Lawrence Kei. UBCMJ 2012 4(1):34.
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The treatment for cancer can be debilitating. In addition to the physical tolls, the psychosocial and financial challenges can make the patient’s experience even more daunting. This may contribute to why up to 85% of patients with advanced stages of cancer seek complimentary therapies.1 Recognizing the need for more support during cancer care, InspireHealth, Canada’s only government sponsored cancer care center, was initiated in 1997.2 The physicians of InspireHealth are trained in family medicine and work alongside a multidisciplinary team to supplement traditional treatments with programs in nutrition, exercise, and psychosocial well-being.2 Dr. Theresa Clarke, a UBC Medical School graduate, is a physician at InspireHealth. In this interview, Dr. Clarke explains her current role at InspireHealth and how she got there: Medicine is incredibly flexible. I was practicing as a GP [General Practitioner] for ten years, but felt that I wanted to spend more time with my family. I decided to stop practicing as a GP and trained in acupuncture, which led to a private practice. After a few years I applied for a position on a rehabilitation team. I didn’t need any special training at the time and my role was mainly to assess chronic pain. After four years of working in rehab, I joined the InspireHealth team. (Dr. Clarke, personal communication, March 27, 2012)
Dr. Clarke explains how her daily routine allows her to build longstanding partnerships with patients: We start off each day with a group meditation. Afterwards, I consult with up to five patients. Each session lasts up to 90 minutes, and any follow-ups are 30 minutes. The focus is to learn everything about the patient so we can help supplement their medical treatment with self-care, nutrition, and mind-body coaching. It’s great for the patients. I find that I know them better after that first session than I did after seeing them for ten years as a GP. (Dr. Clarke, personal communication, March 27, 2012)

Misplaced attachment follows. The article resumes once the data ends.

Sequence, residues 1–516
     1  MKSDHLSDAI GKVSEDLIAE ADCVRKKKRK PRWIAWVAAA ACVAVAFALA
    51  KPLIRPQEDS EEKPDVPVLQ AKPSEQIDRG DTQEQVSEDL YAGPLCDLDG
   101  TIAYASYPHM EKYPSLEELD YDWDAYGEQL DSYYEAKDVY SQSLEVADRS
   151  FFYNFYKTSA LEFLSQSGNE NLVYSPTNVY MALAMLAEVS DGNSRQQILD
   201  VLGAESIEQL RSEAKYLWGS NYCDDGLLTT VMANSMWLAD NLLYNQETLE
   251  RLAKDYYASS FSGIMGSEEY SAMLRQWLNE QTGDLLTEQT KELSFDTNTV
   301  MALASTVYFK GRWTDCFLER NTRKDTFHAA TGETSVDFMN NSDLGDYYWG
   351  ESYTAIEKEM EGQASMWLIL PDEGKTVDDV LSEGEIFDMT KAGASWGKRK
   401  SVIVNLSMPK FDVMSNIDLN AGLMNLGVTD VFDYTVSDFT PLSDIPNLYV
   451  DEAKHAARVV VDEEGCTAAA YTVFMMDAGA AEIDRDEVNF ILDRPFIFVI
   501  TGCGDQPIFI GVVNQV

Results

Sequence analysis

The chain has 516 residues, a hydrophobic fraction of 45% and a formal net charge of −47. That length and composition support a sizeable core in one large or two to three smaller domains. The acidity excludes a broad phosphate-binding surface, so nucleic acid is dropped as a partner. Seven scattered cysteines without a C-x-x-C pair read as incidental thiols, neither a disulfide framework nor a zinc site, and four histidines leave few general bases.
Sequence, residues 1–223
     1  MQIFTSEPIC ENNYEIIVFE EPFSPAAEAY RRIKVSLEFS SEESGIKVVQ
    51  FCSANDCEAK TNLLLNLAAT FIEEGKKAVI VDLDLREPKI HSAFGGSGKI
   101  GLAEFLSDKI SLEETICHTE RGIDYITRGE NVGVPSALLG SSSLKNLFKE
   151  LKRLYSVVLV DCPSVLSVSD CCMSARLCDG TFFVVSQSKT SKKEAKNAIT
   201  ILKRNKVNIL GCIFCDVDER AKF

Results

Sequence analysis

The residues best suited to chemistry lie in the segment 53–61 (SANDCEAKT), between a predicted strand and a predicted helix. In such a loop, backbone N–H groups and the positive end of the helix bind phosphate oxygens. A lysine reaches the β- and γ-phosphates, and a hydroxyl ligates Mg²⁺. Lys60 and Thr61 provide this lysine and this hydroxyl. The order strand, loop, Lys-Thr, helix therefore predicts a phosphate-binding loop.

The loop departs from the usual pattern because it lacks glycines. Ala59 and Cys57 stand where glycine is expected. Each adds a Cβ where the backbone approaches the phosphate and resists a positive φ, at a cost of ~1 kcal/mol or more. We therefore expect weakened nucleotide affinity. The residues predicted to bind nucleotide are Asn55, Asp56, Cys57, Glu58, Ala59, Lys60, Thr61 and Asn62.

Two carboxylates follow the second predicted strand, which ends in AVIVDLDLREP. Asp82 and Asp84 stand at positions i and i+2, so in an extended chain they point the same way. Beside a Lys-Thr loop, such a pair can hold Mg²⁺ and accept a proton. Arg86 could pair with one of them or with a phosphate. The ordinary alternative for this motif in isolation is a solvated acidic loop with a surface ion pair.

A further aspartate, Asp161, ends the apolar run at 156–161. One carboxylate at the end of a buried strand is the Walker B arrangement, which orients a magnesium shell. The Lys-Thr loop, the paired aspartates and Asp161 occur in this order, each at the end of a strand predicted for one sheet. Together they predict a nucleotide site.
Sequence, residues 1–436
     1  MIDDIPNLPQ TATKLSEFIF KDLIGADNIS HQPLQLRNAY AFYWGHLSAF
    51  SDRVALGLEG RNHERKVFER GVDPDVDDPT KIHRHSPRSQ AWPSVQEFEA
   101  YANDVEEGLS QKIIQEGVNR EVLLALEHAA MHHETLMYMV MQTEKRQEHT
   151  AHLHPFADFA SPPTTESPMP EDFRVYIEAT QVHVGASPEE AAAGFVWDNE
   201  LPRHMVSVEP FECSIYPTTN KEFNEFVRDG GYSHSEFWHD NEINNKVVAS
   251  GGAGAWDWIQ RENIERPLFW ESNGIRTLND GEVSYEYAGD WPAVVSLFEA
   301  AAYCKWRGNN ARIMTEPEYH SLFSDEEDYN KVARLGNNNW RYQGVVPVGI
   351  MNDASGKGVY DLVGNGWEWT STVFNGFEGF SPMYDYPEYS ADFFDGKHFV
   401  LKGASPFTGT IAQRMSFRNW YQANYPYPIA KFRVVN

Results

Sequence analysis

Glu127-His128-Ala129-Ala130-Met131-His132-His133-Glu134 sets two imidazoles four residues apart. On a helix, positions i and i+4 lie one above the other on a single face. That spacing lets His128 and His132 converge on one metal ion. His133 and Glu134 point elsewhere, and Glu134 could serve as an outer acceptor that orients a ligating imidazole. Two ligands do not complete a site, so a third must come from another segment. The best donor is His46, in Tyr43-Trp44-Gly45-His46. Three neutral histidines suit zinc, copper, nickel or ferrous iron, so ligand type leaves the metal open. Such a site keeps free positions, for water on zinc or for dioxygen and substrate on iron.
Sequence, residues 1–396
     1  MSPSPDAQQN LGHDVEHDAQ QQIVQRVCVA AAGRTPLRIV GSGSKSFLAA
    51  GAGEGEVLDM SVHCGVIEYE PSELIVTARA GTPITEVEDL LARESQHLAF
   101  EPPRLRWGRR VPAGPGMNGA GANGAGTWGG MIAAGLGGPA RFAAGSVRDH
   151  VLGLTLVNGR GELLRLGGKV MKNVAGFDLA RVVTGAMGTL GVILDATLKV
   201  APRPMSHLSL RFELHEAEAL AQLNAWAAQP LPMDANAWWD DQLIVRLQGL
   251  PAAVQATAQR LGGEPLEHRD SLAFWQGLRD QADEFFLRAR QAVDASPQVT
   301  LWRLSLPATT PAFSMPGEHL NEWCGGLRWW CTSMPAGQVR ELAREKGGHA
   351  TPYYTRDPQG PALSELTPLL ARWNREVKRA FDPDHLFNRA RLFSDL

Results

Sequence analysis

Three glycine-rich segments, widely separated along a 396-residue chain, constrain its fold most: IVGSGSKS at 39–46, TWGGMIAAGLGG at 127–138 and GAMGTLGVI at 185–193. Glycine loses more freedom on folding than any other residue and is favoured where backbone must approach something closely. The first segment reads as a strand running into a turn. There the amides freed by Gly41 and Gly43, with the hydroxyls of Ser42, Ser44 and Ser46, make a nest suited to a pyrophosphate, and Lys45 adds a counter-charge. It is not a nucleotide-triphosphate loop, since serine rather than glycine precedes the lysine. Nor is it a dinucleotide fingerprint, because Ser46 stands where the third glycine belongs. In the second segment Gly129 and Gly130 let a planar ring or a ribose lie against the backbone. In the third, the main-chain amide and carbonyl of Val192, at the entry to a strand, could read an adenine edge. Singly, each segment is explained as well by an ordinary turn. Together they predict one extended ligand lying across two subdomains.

Developing and implementing a variety of programs is what she enjoys most: I really love being able to facilitate workshops and programs relating to anything from nutrition to mind-body coaching. Also, I get to attend and talk at many community awareness campaigns. I get to do all this with an amazing team. (Dr. Clarke, personal communication, March 27, 2012)
Despite the increasing demand for supportive care and research showing that a holistic approach improves quality of life in cancer patients.1 Dr. Clarke explains that the most challenging part of her career is the stigma towards complimentary medicine and the attitudes of other physicians: Our biggest challenge is that we still struggle to get referrals from oncologists and GP’s. There’s a stigma that we might interfere with their treatments. Reality is, we would never alter any treatment but only serve to guide the patient through their journey. I hope this stigma changes in the future because right now we are still relying on word of mouth. The biggest complaint from patients is why they did not hear about us sooner. (Dr. Clarke, personal communication, March 27, 2012)
Dr. Clarke encourages future physicians interested in incorporating some of these values into their career to join their mentor group or take an elective with InspireHealth as a medical student or family practice resident.
1. Trinkaus M, Burman D, Barmala N, et al. Spirituality and use of complementary therapies for cure in advanced cancer. Psychooncology. 2011;20:746-754.
2. Rutledge R. About Inspire Health. [Internet]. 2008. [cited 2012 March 25]. Available from: http://www.inspirehealth.ca/aboutus